Back in the 1930s, having wallpaper was the “in” thing. The problem was that it literally was paper. When it got dirty, cleaning it with water and other household products quickly soaked and degraded the paper. The solution was to use a clay like substance to clean the wallpaper without getting it wet.

    Then, in the 1950s, preschool children in Cincinnati started using this same clay to make Christmas decorations. Pretty soon, it was repackaged into Play-Doh[4].

    The most successful entrepreneurs are flexible enough to change direction when they need to.

    4. Confidence

    As a startup entrepreneur, it’s extremely important that you exude confidence in your business, product/service, and especially in your own abilities. After all, you need to be inspiring to investors, employees, and customers if you’re going to learn how to become an entrepreneur.

    Arrogance, on the other hand, can be just as detrimental to your business as a lack of confidence. For investors, arrogance is a warning sign that you won’t listen to their input or advice. For employees, it can set up a rigid, autocratic management style that stifles creativity. And for customers, it can signal a lack of appreciation for their business.

    In short, confidence is a must, and arrogance is a no-no.

    5. Being a Motivated Self-Starter

    I’ve never met a successful entrepreneur who wasn’t a highly motivated self-starter. Part of that comes from the passion they have for their business. They really enjoy what they do and can’t wait for Monday to roll around so that they can start again.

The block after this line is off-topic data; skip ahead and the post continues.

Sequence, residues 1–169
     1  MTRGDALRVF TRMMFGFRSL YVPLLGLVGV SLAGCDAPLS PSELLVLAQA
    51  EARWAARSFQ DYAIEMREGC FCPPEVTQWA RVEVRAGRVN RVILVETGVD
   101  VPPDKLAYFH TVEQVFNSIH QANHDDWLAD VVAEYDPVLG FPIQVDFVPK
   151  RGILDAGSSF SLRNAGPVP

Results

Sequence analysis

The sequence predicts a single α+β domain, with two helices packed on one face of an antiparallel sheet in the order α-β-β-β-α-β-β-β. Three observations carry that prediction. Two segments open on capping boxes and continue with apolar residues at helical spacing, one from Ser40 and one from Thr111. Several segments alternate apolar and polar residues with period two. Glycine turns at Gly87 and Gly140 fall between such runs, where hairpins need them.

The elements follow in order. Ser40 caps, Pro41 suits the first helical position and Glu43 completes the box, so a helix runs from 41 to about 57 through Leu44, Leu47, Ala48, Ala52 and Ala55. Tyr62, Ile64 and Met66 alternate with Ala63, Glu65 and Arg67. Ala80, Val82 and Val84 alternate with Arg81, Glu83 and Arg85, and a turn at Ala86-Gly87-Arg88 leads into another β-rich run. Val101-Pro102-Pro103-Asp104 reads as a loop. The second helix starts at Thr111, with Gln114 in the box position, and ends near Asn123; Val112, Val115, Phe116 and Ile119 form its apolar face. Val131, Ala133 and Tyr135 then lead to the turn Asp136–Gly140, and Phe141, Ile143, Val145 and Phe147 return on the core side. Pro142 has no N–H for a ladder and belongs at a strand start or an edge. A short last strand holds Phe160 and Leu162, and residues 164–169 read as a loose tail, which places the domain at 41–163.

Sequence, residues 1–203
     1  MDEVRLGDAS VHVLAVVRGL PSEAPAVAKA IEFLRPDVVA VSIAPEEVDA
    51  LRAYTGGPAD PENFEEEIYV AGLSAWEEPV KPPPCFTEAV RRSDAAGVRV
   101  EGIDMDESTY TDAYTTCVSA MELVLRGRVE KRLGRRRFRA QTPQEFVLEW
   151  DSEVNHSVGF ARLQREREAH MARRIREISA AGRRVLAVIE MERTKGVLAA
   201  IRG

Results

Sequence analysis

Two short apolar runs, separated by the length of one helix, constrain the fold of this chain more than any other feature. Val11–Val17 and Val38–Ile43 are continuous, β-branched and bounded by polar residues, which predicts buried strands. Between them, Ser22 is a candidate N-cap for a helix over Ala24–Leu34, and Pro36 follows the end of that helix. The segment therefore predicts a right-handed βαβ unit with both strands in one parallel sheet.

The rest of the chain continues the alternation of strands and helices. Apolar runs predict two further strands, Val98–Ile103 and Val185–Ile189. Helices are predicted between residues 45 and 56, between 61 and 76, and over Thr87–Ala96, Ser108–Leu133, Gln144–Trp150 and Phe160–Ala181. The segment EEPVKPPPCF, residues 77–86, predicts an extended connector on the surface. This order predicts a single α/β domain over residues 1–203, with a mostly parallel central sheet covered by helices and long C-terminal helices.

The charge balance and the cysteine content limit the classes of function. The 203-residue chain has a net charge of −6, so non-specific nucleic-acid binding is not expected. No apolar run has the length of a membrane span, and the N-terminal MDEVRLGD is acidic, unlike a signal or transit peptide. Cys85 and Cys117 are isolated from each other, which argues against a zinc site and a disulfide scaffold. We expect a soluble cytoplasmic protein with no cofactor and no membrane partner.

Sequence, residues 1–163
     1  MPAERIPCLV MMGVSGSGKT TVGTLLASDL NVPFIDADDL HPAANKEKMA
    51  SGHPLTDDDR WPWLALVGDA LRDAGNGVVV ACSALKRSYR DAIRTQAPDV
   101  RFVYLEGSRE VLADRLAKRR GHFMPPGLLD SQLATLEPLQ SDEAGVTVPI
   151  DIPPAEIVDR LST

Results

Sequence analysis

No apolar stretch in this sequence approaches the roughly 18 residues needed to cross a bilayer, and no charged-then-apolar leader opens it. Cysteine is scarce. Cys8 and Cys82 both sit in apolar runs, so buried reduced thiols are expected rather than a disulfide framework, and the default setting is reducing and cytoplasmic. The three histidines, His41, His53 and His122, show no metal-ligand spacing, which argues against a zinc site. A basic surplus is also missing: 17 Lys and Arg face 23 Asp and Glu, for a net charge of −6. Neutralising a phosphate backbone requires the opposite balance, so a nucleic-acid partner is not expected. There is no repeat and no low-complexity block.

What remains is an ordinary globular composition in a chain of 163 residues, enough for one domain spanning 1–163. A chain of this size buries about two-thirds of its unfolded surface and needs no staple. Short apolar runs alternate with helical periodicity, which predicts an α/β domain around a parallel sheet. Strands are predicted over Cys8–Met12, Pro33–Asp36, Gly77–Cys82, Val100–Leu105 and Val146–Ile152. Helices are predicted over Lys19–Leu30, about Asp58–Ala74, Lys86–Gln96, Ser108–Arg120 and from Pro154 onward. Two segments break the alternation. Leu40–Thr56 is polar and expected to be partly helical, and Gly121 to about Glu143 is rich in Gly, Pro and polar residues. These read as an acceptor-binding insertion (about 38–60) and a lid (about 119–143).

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    Another part of that is discipline. They tend to approach everything in life with discipline. Work is the obvious example, but even leisure activities are an exercise in discipline.

    For example, they promised their spouse that they would get some yard work done, but their kid has a game. Their answer is not to skip either one; it’s to schedule both activities into the day.

    6. Being a Calculated Risk Taker

    We talked a little bit about this earlier, and the word “calculated” is very important here. We’ve all heard the saying that “With great risk comes great reward.” But too many people confuse “great risk” with “foolish risk.”

    A straightforward way to think about this is buying 100,000 lottery tickets. It certainly fits the criteria of a great reward coming from a great risk. But is it a smart (calculated) risk? If you’re intelligent enough to be reading this article, you know the answer.

    So, here’s how an entrepreneur thinks about this situation. Instead of spending money on 100,000 lottery tickets, how about taking that money, use 50% as a down payment on a property that needs a little fix-up; and use the other half to fix it up and then sell it for a $50,000 profit? Now that is a calculated risk.

    8 Practical Steps on How to Become an Entrepreneur

    When counseling people on how to become an entrepreneur, I encourage them to take an honest assessment of themselves. This is always much harder than people think.

    As humans, we are notoriously bad at self-assessment. We tend to overestimate our skills and abilities. That’s why almost everyone thinks that they are an above average driver[5].